As many of you know, I was New York City this past week attending Book Expo America (BEA). I was lucky enough to have some moments of free time, which I spent visiting bookstores (what else?).

Dawn from She Is Too Fond of Books was my navigator (see her blog for stories of our adventures in Central Park!), and one of the first stores we browsed through was McNally Jackson.

Guess what I found hidden in the food and cooking section? A Stew or a Story, a collection of essays and short pieces by M. F. K. Fisher. The book was originally published by Shoemaker & Hoard in 2006 and was compiled by Joan Reardon. I have had a hard time finding this volume, so I immediately snatched the last copy off the shelf and took it home with me (well, I paid for it, of course!).

Fisher is my favorite food writer, and this book gathers articles that originally appeared in women's magazines, newspapers, literary magazines, and food magazines. The essays are grouped into the following sections:
  • Fiction
  • Personal Gastronomy
  • Food, Wine, and Other Potables
  • Places and People
  • Seasons and Celebrations
I plan to read this collection slowly and will share my reading adventures with you. Shall I start with the piece titled "Coffee" or perhaps "Spoon Bread and Moonlight"? I have several dozen articles to choose from.

A Stew or a Story at Powell's
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Published by Shoemaker & Hoard, 2006
ISBN-13: 9781593761653

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28 May 2010

Book Club Choice: Day for Night by Frederick Reiken

This month my Skype book club is reading Day for Night by Frederick Reiken. We will be discussing it on June 6! I haven't yet started it, but doesn't the description look great?

If you look hard enough into the history of anything, you will discover things that seem to be connected but are not. So claims a character in Frederick Reiken's wonderful, surprising novel, which seems in fact to be determined to prove just the opposite. How else to explain the threads that link a middle-aged woman on vacation in Florida with a rock and roll singer visiting her comatose brother in Utah, where he's been transported after a motorcycle injury in Israel, where he works with a man whose long-lost mother, in a retirement community in New Jersey, recognizes him in a televised report about an Israeli-Palestinian skirmish? And that's not the half of it.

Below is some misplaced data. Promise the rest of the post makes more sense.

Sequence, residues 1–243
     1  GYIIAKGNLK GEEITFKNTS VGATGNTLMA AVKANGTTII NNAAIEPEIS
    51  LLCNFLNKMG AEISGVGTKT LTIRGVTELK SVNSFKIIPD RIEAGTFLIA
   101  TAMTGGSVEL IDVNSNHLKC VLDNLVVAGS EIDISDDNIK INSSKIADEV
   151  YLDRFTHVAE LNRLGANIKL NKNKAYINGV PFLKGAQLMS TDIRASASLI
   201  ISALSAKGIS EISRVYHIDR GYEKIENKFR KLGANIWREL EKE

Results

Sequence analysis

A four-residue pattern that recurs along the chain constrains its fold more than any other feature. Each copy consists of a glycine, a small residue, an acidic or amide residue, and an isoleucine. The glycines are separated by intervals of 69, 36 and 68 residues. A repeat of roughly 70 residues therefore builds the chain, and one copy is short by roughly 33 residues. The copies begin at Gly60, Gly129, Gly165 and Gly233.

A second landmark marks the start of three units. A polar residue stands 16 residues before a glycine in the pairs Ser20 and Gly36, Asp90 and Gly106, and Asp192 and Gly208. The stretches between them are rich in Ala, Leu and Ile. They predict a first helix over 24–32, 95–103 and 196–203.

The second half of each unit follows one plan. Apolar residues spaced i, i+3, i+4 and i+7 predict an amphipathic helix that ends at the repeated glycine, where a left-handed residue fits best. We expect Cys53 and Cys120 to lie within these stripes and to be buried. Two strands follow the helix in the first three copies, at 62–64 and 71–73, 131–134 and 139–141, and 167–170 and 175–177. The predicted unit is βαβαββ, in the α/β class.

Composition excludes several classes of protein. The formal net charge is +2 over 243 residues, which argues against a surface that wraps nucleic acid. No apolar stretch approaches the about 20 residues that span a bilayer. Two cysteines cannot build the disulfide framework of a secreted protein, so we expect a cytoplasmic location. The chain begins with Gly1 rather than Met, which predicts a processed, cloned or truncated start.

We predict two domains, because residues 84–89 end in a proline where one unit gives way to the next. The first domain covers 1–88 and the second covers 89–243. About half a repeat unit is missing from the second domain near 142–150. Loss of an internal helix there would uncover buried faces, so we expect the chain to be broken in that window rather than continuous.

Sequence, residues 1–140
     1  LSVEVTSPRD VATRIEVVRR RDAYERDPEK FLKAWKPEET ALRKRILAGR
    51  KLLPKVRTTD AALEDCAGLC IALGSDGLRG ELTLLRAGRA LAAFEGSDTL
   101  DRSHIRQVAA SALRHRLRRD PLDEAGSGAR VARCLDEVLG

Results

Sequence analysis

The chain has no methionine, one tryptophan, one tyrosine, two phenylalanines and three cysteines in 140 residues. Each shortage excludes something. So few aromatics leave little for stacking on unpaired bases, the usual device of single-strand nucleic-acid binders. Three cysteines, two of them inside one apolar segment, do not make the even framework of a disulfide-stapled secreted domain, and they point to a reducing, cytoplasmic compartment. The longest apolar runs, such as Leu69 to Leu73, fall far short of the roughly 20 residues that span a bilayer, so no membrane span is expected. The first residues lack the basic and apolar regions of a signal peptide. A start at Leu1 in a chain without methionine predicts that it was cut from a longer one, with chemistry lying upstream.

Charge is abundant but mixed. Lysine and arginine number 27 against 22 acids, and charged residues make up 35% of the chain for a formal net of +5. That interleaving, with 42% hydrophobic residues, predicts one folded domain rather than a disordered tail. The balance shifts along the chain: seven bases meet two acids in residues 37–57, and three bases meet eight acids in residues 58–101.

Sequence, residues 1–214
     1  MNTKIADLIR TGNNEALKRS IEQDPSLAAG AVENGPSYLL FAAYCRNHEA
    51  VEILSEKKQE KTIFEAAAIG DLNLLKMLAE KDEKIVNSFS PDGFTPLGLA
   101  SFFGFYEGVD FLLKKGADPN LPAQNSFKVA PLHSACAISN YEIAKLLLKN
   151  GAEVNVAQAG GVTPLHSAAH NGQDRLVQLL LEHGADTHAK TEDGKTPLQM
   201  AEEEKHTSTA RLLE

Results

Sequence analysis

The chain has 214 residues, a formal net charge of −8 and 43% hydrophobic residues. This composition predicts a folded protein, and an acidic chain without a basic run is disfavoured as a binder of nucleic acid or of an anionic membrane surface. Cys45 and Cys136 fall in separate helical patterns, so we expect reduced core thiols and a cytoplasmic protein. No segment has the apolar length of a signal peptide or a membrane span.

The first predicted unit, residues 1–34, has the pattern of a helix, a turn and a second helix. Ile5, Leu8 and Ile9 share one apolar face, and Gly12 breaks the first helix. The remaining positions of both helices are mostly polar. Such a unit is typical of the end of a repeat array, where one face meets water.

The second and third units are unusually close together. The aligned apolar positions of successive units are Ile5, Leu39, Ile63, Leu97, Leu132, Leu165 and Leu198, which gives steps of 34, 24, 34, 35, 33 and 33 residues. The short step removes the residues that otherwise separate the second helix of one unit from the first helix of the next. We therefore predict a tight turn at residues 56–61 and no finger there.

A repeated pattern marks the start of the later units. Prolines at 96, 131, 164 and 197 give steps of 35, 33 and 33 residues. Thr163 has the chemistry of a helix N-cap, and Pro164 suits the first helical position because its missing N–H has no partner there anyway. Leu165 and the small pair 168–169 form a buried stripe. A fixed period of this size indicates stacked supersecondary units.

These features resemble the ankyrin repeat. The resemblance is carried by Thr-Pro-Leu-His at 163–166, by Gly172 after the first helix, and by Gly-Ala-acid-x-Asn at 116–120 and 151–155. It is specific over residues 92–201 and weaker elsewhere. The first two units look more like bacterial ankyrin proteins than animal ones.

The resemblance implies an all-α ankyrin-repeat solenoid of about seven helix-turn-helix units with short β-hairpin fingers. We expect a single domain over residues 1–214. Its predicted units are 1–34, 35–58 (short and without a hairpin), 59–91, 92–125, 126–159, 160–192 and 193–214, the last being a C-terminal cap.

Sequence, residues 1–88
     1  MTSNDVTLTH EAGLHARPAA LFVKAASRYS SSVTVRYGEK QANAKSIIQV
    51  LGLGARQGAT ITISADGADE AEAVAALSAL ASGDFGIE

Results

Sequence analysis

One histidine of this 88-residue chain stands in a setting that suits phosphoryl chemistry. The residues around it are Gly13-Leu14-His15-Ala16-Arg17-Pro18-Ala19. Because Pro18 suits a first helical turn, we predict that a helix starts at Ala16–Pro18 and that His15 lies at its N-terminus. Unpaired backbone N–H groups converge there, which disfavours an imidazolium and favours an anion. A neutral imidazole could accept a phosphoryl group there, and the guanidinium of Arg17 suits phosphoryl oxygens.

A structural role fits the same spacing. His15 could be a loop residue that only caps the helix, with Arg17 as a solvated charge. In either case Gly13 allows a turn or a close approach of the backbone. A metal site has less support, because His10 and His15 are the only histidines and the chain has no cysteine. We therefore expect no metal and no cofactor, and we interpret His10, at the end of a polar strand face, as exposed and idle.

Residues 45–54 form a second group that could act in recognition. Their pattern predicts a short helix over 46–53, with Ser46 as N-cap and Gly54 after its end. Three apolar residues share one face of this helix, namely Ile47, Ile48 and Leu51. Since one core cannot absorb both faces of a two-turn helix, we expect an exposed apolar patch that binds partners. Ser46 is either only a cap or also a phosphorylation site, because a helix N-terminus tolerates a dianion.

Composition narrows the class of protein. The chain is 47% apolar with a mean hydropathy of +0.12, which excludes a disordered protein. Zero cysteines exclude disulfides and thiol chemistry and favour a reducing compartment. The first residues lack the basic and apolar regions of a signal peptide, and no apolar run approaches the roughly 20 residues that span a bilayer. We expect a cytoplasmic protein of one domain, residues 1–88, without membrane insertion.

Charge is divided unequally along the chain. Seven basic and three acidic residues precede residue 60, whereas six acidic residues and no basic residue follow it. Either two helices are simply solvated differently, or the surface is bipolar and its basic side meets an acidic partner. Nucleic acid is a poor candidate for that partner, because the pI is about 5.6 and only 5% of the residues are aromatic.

In Day for Night, critically acclaimed writer Frederick Reiken spins an unlikely and yet utterly convincing story about people lost and found. They are all refugees from their own lives or history's cruelties, and yet they wind up linked to each other in compelling and unpredictable ways that will keep you guessing until the very end.
I'm hoping this will keep me entertained on the train ride home from New York (today!)

Day for Night at Powell's
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Published by Reagan Arthur Books, April 2010
ISBN-13: 9780316077569/span>

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27 May 2010

Review: The Other Side of Dawn by John Marsden

Early last week, I listened to the last entry in John Marsden's Tomorrow series, The Other Side of Dawn. I can't tell you how sorry I am that the series is over. The good news is there is a follow-up trilogy called the Ellie Chronicles, which I plan to start listening to soon.

The Other Side of Dawn ties together some loose ends and brings the seven-book series to an end in a very satisfactory way. Marsden was able to keep the drama and action going, complete with the right amount of heartache, suspense, and happiness. I can say, without creating a spoiler, that the ending is fitting and realistic; there is no simple "and they lived happily ever after." If you've read my earlier reviews or started the series, you won't be surprised that Marsden tells it like it is.

I highly recommend this series, which is almost dystopian, but perhaps better described as alternate history. The audiobooks are read by Suzi Dougherty, who -- as I've said before -- is fabulous as Ellie.

If you click on the "authors" tab just under my banner photo, you will find links to fuller reviews of the other books in the Tomorrow series.